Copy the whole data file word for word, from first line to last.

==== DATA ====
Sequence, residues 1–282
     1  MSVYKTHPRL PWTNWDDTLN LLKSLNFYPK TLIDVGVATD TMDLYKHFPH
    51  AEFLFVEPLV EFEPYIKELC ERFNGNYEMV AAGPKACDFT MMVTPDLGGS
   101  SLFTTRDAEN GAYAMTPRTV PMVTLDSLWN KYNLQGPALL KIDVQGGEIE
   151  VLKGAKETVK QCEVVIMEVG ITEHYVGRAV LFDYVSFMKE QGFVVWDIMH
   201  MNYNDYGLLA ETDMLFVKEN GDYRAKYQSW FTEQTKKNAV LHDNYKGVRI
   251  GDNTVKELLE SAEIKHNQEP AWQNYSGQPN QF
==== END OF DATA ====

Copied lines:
Sequence, residues 1–282
     1  MSVYKTHPRL PWTNWDDTLN LLKSLNFYPK TLIDVGVATD TMDLYKHFPH
    51  AEFLFVEPLV EFEPYIKELC ERFNGNYEMV AAGPKACDFT MMVTPDLGGS
   101  SLFTTRDAEN GAYAMTPRTV PMVTLDSLWN KYNLQGPALL KIDVQGGEIE
   151  VLKGAKETVK QCEVVIMEVG ITEHYVGRAV LFDYVSFMKE QGFVVWDIMH
   201  MNYNDYGLLA ETDMLFVKEN GDYRAKYQSW FTEQTKKNAV LHDNYKGVRI
   251  GDNTVKELLE SAEIKHNQEP AWQNYSGQPN QF